ANXIOUS BRIEFINGDepending on the Kindness of Strangers
Aug. 29 - Even before Katrina bared her fangs and lunged for the pale, exposed throat of New Orleans, I knew I'd be anxious this week. Molli begins vuggestue (daycare) on Thursday. Five mornings a week we'll drop her off with strangers; five afternoons a week we'll pick her up and wonder what the hell she did all day.
I toured the Vuggestue one morning last week. The teachers (or caretakers, or whatever you want to call them) seemed nice enough, the premises were spotless and full of toddler fun, and the programs shown and described to me seemed to offer everything I could want for Molli. I could tell she would like it there because she obviously already did: she stumbled gleefully around the playroom inside, and shrieked with delight when we went outside and she saw the other toddlers bumping around out in the yard.
It was startling to see her name there waiting for her. "Molli Malou," written in thick black marker on white masking tape above her cubbyhole and on the handle of the stroller in which she'll soon be taking her afternoon naps.
I was shown where Molli would eat, and told what kinds of things she'd be fed. I was shown where she'd play, and told what kinds of things she'd be playing. I was shown where her rain gear was kept, and her "backup" clothes, and reminded to bring them a set of rain gear and backup clothes. I was shown where she'd be changed and where she'd nap.
I shuffled after the teacher in a daze. I was calculating. If Molli were here, in this place, among these people, seven-and-a-half hours a day, and averaging eleven hours of sleep a night, then even if I spent every waking moment at home with her—which I surely won't be able to do—wouldn't that mean she'd be spending less time awake with me than with the Vuggestue people?
I remembered all of Trine's questions and concerns about the Vuggestue from back when we'd first starting looking around to get her enrolled. I'd been kind of aloof. I hadn't always paid attention. It was a strange foreign system of daycare and I didn't really understand. I didn't feel like I needed to. Trine had chosen the Vuggestue she thought would be best, and I'd given her my support. Surely she knew best.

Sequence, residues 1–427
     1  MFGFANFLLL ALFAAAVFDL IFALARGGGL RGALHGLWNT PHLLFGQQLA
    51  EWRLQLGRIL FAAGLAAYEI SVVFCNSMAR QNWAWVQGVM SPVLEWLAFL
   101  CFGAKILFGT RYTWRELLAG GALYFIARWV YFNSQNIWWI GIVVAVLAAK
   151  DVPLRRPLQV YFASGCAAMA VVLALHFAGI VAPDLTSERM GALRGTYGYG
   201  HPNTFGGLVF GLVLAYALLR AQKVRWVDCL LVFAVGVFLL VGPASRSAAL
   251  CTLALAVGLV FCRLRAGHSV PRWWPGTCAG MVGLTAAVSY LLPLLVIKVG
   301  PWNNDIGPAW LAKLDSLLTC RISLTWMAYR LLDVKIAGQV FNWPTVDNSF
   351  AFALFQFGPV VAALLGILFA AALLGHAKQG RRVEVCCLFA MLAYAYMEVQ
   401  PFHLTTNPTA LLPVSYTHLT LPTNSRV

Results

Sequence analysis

But these people are going to be as instrumental to Molli's development as we are over the months ahead. What's their philosophy? What are their politics? How do I know they're not going to turn her into some kind of weird socialist hippie child?
I don't dare ask Trine such questions out loud (I can already see the arched eyebrows that would come as my only answer), but I can ask her in the safety of my imagination.
Trine, how do we know they're not going to turn Molli into some kind of weird hippie child?
[Withering arch of eyebrows.]
No, we're in my imagination, give me an actual answer.
She's not even fourteen months old. They're going to try to teach her how to eat off a plate, how to zip her own jacket, and put toys in the toy chest.
But they could be feeding her subliminal messages. They could be Scientologists, for all we know, or fascists, or communists, or vegetarians. . .
I grew up with one of the teachers there. And you know damn well that my good friend's daughter has been going there for months and she loves it.
Does she? Does she really? Or has she just been brain-washed into thinking she has?
[Withering arch of eyebrows]
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I don't even know how daycare works back in the states. It's not the kind of thing guys talk about unless they're parents, and I was never a parent when I lived in America. I'm not even sure all children are expected to be in vuggestue at this age in the states. There's probably even some crazy movement against it.